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PT exercises for older people

PT exercises for older people

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PT exercises for older people

Aging in older adults contributes to possible declines in physical fitness, such as loss of muscle mass and fibers, as well as decreases in muscle strength, endurance, and movement. The trend of inactive and sedentary lifestyles also increases in the aging process, leading to noncommunicable diseases, functional changes, and immobility, with higher dependency and increased mortality risk. To extend the independent period without the need for help in older people, it is essential to sustain a healthy lifestyle; in which, exercise and physical activity are considered to play a particularly important role.


Geriatric rehabilitation helps reduce the prevalence of deterioration caused by old age. In recent years, sarcopenia, a disease that is associated with age-related skeletal muscle mass loss and muscle weakness, has been attracting attention, and disuse muscle atrophy is also an important condition. For these diseases, it is recommended to increase exercise and physical activity, especially resistance exercise.

Health benefits of Exercises in seniors

Physical activity in older people is critically important in the prevention of disease, maintenance of independence, and improvement of quality of life

  • Regular physical activity can bring significant health benefits to people of all ages and the need for physical activity is increasingly indicating that physical activity can extend years of active independent living, reduce disability and improve the quality of life for seniors
  • Dramatic global population aging has brought new demands to improve older people’s health by adding “quality” to their extended lives and increasing physical activity is one way to bring this.
  • Resistance training will improve strength and can reverse or delay the decline of muscle mass and strength that occurs with aging. Anaerobic exercises help to improve endurance by increasing the capillary density, and mitochondrial and enzyme levels in the skeletal muscles. Together, this can help older adults to maintain their participation in ADLs and therefore maintain independence.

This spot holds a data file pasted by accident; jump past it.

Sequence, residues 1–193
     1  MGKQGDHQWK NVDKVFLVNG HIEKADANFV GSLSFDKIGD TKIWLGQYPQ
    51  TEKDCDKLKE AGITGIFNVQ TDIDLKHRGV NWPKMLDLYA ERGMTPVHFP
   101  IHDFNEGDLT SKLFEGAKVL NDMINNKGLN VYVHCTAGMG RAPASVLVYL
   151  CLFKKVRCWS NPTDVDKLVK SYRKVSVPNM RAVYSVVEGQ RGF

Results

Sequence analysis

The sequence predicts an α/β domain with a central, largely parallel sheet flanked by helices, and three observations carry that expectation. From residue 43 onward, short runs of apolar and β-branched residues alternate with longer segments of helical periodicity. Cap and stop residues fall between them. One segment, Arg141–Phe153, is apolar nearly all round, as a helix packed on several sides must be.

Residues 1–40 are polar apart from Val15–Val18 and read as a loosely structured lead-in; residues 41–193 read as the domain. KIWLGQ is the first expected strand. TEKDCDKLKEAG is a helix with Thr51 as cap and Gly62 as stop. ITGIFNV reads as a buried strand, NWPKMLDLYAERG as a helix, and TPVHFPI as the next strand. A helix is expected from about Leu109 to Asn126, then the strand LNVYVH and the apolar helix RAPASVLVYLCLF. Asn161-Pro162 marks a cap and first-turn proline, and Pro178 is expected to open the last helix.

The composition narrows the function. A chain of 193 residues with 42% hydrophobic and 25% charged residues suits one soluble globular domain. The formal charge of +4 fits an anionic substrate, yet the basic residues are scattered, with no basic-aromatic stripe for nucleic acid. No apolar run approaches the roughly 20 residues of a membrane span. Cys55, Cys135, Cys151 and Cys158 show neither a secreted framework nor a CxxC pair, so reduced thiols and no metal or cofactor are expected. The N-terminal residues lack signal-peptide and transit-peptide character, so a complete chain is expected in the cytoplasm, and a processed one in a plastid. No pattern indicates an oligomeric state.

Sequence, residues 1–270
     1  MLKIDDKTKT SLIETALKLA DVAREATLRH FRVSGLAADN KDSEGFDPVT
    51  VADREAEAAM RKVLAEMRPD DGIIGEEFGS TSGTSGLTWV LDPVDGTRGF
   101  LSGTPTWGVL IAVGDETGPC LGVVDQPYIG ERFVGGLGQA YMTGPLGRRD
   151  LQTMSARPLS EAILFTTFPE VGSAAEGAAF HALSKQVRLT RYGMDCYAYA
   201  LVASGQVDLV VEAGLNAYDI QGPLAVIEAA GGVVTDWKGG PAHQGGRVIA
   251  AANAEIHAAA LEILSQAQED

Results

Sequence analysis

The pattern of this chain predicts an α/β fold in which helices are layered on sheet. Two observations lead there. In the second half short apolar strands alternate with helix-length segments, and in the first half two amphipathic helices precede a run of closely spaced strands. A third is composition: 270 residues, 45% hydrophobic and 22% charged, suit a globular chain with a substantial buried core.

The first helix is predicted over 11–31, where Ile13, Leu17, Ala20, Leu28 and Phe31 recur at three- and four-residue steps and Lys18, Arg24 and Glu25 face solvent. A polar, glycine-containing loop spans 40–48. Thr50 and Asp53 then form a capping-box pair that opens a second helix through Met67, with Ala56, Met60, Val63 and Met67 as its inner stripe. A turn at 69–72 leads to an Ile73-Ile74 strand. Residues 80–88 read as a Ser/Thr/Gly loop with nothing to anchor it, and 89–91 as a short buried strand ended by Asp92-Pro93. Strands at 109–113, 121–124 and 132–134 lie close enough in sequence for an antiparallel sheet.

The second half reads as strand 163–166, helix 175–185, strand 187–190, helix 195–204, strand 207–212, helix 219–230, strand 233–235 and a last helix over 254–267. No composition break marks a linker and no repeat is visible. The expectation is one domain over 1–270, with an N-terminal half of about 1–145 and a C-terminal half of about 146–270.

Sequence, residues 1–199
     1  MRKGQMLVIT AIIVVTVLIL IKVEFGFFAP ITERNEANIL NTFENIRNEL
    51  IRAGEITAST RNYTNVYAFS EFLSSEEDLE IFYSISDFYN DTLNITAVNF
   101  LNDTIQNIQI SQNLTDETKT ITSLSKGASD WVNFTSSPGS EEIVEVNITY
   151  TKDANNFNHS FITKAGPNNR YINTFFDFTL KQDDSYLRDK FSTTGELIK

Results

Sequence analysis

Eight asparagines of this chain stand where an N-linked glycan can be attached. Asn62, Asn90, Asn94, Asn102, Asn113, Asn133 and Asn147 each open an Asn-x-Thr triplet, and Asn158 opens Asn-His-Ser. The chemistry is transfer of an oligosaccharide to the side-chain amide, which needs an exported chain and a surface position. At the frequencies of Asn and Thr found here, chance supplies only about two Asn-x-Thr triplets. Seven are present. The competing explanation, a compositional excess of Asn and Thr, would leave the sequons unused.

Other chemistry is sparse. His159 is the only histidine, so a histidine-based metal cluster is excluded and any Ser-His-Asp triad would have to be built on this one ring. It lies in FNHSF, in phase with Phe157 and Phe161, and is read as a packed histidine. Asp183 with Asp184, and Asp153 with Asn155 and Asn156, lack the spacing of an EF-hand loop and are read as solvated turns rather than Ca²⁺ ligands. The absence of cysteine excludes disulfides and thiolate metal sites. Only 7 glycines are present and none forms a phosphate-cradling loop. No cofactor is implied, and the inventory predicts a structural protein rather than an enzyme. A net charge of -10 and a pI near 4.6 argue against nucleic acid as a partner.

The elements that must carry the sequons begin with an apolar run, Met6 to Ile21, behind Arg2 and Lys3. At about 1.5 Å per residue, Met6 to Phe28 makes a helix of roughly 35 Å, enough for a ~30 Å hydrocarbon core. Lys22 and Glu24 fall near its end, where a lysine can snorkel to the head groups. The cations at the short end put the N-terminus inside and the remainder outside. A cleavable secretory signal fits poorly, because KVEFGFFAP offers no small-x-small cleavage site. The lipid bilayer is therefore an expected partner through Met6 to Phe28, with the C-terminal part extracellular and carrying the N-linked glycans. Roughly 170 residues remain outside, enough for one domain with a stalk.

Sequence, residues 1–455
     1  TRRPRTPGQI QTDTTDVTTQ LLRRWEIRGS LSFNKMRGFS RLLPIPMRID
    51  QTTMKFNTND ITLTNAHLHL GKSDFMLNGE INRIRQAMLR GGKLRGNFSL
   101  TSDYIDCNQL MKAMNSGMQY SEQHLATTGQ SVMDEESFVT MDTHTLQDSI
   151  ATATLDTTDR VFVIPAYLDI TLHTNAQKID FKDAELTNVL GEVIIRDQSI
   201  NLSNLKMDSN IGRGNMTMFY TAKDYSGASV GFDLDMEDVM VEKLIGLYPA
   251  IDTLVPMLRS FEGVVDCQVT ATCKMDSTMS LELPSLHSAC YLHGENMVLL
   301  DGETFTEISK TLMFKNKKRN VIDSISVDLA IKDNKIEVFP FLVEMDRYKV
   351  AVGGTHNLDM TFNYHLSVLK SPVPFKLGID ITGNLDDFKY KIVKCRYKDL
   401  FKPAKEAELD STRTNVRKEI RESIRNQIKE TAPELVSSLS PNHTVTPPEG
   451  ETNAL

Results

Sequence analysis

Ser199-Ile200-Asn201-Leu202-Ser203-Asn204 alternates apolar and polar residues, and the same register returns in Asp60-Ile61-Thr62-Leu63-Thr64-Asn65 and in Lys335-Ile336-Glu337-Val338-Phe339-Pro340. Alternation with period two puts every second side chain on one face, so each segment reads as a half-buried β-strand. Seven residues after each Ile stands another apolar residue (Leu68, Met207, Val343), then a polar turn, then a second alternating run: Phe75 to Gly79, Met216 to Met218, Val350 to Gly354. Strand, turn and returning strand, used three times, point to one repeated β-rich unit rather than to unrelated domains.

Exercise can also help to reduce the risk of many non-communicable diseases. Exercise has been shown to:

  • Reduce the risk of coronary heart disease, stroke, types of cancers, and diabetes.
  • Prevent post-menopausal osteoporosis and therefore reduce the risk of osteoporotic fractures.
  • Reduce the complications of immobility
  • Reduce the risk of accidental falls
  • Improve mental/cognitive function, reduce stress/anxiety, and improve self-confidence

Being active from an early age can help prevent many diseases just as regular movement and activity can help relieve the disability and pain associated with these conditions. Importantly, the benefits of physical activity can be enjoyed even if regular practice starts late in life. It has been suggested that older adults engaged in regular physical activity demonstrate improvement:

  • Strength
  • Balance
  • Coordination and motor control
  • Flexibility
  • Endurance

What Exercise is Appropriate for Older Adults?

The type of exercise and intensity will depend upon the ability of the person. Physical activity for older adults can take many forms (e.g. walking, swimming, stretching, dancing, gardening, hiking, cycling, or organized exercise sessions). However, there are several important considerations specific to the older adult population with regard to physical therapy recommendations:

  • The intensity of aerobic activity takes into account the older adult’s aerobic fitness.
  • Activities that maintain or increase flexibility are recommended.
  • Balance exercises are recommended for older adults at risk of falls.

Designing an Exercise Program

Who has published specific guidelines (2020) for people older than 65 and recommended that both aerobic exercise and strength training should be carried out.

  • Adults and older adults (>65) should do at least 150–300 min of moderate-intensity aerobic physical activity, at least 75–150 min of vigorous-intensity aerobic physical activity, or an equivalent combination of moderate-intensity and vigorous-intensity activity throughout the week for substantial health benefits;
  • Adults and older adults (>65) should also do muscle-strengthening activities at a moderate or greater intensity that involve all major muscle groups on 2 or more days a week, as these provide additional health benefits.
  • Walking improved aerobic endurance, lower body strength, static balance, agility, and dynamic balance, and it could be promoted to improve the physical function of older adults.
  • pulmonary rehabilitation shortens the recovery time of physical exercise capacity, improved some of respiratory functions.

Aerobic exercise- Older persons should build up to at least 30 minutes of aerobic exercise – for example walking, swimming, water exercises, and stationary cycling – on most, if not all, days.

  • Strength training- The following regimen allows the individual to maintain bone and muscle strength. In order to continue ys a week, with a day of rest between workouts.
  • When repetitions can be made in good form with ease, weight lifted should be increased[27].
  • The exact exercise chosen will, of course, vary from person to person. It is important that medical conditions are considered, as well as the patients’ fitness and level of function. Exercises should include both aerobic and strength training, but it should also ideally include a component of balance training and flexibility work. Options may include hiking, walking, swimming, gym, dancing, or chair exercises. It is important to find something that each person enjoys and can continue with independently.

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